Posted by joe on February 29, 2004 01:18 AM | Permalink to Comment

For a realization of a similar idea in another genre, see These are audio commentaries designed to be listened to while you are watching a movie on DVD. Some are sarcastic, others informative. The synchronization requirements are not so sensitive so this is a relatively easy way to create end-user modifications to existing creative works.

Posted by Cypherpunk on February 29, 2004 01:33 AM | Permalink to Comment

It doesn't have to be XML, though that might be useful. The recipe file can be in whatever format works with the sound editor used by the mix artist. If the editing program can create the original, it can save the settings used every step of the way.

Posted by Ernest Miller on February 29, 2004 01:33 AM | Permalink to Comment

Mark me in the "I-don't-think-this-works" category. The principal counter example would be "sychronization rights" in films where a particular copyright holder owns the rights to the synchronization of soundtrack and audio to the visual film (there have been some incredible fights over these rights).

If the rights to synchronize two works (the audio and the video) are protected by copyright law, chances are a list of instructions on how to merge two audio works are protected.

Are they a work of authorship? Yes -- someone creates a hybrid song, its a derivative work.

The person then creates a list of instructions on how to recreate the work, highly compressed (say into a list of time marks or midi signals even). We'll call this the "EAR" format ("Earnest's Audio Ripin'" Format.

How is this different from JPEG compression? Just because a copyrighted picture is in JPEG format, doesn't mean that the copyright is lost. Simiarly, a hybrid audio work in EAR format is still a representation of the work

Admittedly, you cannot create the actual hybrid audio work from the EAR work without a copy of the two base audio works. But does that remove the modicam of creativity necessary for copyright protection in your EAR work? It seems certainly more than your average software program, which gets copyright protection every day.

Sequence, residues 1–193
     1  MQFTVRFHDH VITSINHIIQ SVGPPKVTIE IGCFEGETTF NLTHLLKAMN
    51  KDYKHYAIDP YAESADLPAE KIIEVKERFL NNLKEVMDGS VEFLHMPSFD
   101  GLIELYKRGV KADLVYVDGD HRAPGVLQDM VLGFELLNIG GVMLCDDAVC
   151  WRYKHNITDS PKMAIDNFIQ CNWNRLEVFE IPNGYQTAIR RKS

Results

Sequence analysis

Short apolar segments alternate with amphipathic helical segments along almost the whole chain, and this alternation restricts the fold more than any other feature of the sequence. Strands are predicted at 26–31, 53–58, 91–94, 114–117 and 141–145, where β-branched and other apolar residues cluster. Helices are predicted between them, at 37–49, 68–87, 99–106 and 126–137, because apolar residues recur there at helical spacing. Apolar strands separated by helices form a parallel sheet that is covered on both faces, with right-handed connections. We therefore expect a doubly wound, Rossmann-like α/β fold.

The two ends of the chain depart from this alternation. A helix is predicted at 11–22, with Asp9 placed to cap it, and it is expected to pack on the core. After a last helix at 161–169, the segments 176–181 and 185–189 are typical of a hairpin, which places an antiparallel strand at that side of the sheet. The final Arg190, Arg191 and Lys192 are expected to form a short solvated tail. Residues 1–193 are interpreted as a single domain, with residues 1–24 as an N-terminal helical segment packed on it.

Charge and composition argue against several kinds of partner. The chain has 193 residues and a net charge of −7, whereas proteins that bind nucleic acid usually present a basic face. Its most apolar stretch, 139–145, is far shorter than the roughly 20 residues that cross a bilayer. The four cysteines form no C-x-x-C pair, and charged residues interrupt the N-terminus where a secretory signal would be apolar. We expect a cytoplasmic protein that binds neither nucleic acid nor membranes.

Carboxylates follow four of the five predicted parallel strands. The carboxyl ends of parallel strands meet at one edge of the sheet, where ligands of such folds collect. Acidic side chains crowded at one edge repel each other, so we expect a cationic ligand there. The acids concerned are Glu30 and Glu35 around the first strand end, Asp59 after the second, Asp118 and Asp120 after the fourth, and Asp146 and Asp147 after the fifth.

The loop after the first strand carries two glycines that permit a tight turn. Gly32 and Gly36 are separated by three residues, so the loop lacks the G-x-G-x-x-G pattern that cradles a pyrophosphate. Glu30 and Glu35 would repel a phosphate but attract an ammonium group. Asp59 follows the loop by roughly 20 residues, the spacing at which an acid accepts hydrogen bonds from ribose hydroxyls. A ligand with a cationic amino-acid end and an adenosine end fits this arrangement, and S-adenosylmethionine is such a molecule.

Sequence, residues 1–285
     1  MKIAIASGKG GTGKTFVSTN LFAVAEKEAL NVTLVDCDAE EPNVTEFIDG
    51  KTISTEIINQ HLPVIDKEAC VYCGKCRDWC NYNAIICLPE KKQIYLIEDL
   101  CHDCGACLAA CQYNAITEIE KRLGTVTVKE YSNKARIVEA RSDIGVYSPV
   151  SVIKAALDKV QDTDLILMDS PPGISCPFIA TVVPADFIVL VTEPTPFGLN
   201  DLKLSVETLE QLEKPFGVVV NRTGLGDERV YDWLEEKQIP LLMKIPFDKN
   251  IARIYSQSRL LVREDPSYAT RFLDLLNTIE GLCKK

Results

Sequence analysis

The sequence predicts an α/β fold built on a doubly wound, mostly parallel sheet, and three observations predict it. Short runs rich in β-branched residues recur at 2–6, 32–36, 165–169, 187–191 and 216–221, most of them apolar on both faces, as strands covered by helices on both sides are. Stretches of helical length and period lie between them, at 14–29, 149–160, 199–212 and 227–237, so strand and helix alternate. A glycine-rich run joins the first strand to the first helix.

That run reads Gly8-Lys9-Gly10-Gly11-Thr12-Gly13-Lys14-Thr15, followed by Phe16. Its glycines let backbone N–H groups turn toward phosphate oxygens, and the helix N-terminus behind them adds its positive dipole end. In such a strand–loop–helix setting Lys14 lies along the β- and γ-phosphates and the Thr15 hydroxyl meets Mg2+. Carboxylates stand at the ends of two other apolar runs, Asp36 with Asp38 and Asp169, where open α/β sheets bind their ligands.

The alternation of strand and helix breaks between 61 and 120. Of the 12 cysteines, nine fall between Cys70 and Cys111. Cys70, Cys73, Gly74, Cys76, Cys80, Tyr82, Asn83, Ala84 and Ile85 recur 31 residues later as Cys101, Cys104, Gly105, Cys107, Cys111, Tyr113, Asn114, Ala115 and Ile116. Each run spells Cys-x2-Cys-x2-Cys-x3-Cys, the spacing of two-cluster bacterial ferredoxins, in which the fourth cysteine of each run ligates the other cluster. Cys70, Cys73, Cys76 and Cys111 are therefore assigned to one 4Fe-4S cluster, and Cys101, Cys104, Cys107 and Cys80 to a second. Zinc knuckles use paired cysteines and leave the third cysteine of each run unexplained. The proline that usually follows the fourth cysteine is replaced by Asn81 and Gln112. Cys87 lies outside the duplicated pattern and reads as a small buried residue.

The right to make derivative works is a right of the copyright holder. Even if you have works A and B and make a new work C=EAR(A,B), that new work C (might) require permission to make a derivative work. If you give C to a third person, and that third person has A and B, they can then make music from C, but just like you they might need permission.


Posted by doogie h on February 29, 2004 03:00 AM | Permalink to Comment

Ernie -- The "history palette" idea assumes that the *entire* mix is done inside the computer, and inside a single application that has kept track fo the entire history of the track. In reality, I'm sure a great deal of it was done outside the computer, with turntables and tape decks. And within the computer, several applications were likely involved.

Posted by Scot Hacker on March 1, 2004 07:25 AM | Permalink to Comment


I wasn't saying that the particular version of the Grey Album was made by techniques that could saved. However, it is certainly theoretically possible. With a set of standards for this sort of thing, any standard following software could be used. I think that is the important point.

Posted by Ernest Miller on March 7, 2004 03:21 PM | Permalink to Comment


Synchronization rights are necessary because the person with the film wants to do two things:

1) distribute the music with the film

2) conduct a public performance of the combined work

I don't see how this leads to a remixing recipe being a violation of copyright.

Posted by Ernest Miller on March 7, 2004 03:24 PM | Permalink to Comment

  Post a Comment
  Remember personal info?
  Email this entry to a friend
Email this entry to:   
Your email address:   
Message (optional):   

  Related Entries